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Volunteers revitalize Granite Shoals parks

Granite Shoals park volunteers

A large band of volunteers turned out for a park workday in Granite Shoals in early June. Shirley King (center) and Michele Landfield (to the right of her) have helped reignite the spirit of volunteerism in the city. Also pictured (from left) are volunteers Jesse Parkison, Carol Young, Kerry Landfield, Don Young, Emerson Garcia, Amber Garcia, Joslin Garcia, Aaron Garcia, Kiel Arnone, Graham Fisher, Patty Hanson, and Chris Hanson. Staff photo by Dakota Morrissiey

After years of smoldering, the flame of volunteerism in Granite Shoals has reignited. The city’s 19 parks are under the stewardship of a growing group of dedicated volunteers who are doing what they can to improve them. 

“Bringing Our Community Together to Enhance Our Parks” is the mantra of Michele Landfield, the current torchbearer of Granite Shoals’ volunteer movement and vice chair of the city’s Parks Advisory Committee. She has gathered a band of non-hired hands to tackle projects large and small in all of the city’s parks. Volunteers assemble picnic tables, wash down playground equipment, spread mulch, pick up trash, clear brush, paint, and do anything else they can to spruce up the parks.

Granite Shoals park volunteers
Riley Parkison (right) helps paint a picnic table at Valley View Park in Granite Shoals with Kerry Landfield (left) and mom Jesse Parkison. Staff photo by Dakota Morrissiey

This volunteer spirit isn’t a new thing in Granite Shoals, a city of about 5,200 people on the banks of Lake LBJ. The parks have had champions in the past, but that fervor has faded in recent years.

Parks Advisory Committee Chair Shirley King reigned as parks patriot before Landfield. She and husband Jack were part of a wave of volunteerism that swept ashore in 2000, when the committee first formed. They spent 15 years leading the charge on parks projects but had to slow down after Jack became ill. According to Shirley, things didn’t pick up again until Landfield stepped in, around 2021.

“What I see here now is the same community spirit that I saw in 2000,” King said.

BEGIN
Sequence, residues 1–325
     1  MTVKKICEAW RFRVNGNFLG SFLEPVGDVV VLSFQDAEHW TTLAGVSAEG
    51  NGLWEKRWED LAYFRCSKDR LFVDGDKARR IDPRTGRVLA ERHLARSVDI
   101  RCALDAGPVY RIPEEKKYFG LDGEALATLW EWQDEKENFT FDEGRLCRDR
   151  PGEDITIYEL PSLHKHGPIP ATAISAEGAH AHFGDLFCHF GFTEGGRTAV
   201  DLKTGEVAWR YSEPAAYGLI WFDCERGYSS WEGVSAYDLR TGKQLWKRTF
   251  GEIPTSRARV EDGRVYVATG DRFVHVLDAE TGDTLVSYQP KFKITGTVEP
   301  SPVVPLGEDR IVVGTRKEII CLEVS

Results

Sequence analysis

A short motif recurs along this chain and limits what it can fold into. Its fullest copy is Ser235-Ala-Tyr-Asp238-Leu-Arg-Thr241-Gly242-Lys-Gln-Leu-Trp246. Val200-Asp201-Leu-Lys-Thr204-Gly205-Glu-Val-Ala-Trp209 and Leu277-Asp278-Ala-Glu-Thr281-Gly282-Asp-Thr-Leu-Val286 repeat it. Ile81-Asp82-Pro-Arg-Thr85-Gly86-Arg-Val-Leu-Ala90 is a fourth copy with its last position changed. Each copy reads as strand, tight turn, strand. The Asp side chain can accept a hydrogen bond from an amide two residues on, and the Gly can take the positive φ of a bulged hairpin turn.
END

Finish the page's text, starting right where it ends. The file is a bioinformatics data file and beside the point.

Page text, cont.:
About 20 people showed up for a recent volunteer workday that Landfield coordinated. The volunteers swept through three city parks, cleaning and painting dozens of picnic tables in just a few hours, the kind of work that the city’s Streets and Parks Department doesn’t have time to do. The department is routinely understaffed and tasked with maintaining 90 miles of roads and other bigger projects in Granite Shoals. Anything that can be taken off of its piled-up plate is seen as worthwhile to Landfield.

“I’m always a person who likes to get her hands in and help,” she said. “I’m always seeing these things that need to be done.”

The parks are a huge asset for the city and are embedded in its history. They were part of the original plan when Granite Shoals was created, said King, who is also the town’s unofficial historian.  

“In 1962, three developers got together and bought the land that would one day become most of Granite Shoals,” she said.

The developers created 18 city parks to draw folks to the area to buy lots, which went for about $50 at the time. By 1966, Granite Shoals became a city, and the parks were forever deeded to the people. The 19th park, Quarry Park, came into being when the city purchased 131 acres of land in 2008. 

Granite Shoals park volunteers
Lisa and Mike Crane hang out with grandkids Hudson and Chloe at Bluebriar Park in Granite Shoals. The kids fished while Lisa and Mike helped clean up the park. Mike used to visit his grandparents in the city, 48 years ago, and is carrying on the tradition. Staff photo by Dakota Morrissiey

In 2002, Granite Shoals adopted the title “The City of Parks,” carving in stone its identity as a family-friendly, lakeside community.

“Forty-eight years ago, I used to walk these streets barefooted and go to these parks, too,” Granite Shoals resident Mike Crane said. 

Crane’s grandparents owned a lot in Granite Shoals and brought him to the parks when he was a kid. He and his wife, Lisa, brought their grandkids to go fishing while they volunteered during a recent park workday. 

Landfield has organized several workdays since January 2023, but for her and husband Kerry, every day is a good day to patrol the parks and pick up trash. She regularly visits the parks and holds fundraisers to pay for improvements. 

She spent most of 2022 trying to get the volunteer movement going but hit a rocky patch after undergoing neck surgery. As soon as the brace came off, she was back in action, pairing up with friend and fellow committee officer King.

“She is a very big inspiration to me,” Landfield said. “We are always dreaming together, and she motivates me to keep moving forward.”

Dozens of volunteers and city employees contribute to the betterment of Granite Shoals parks. New residents, old residents, retired folks, kids, families, friends, city councilors, and all-around altruistic souls have been drawn to the reignited flame of volunteerism, which seems to be growing brighter by the day in The City of Parks.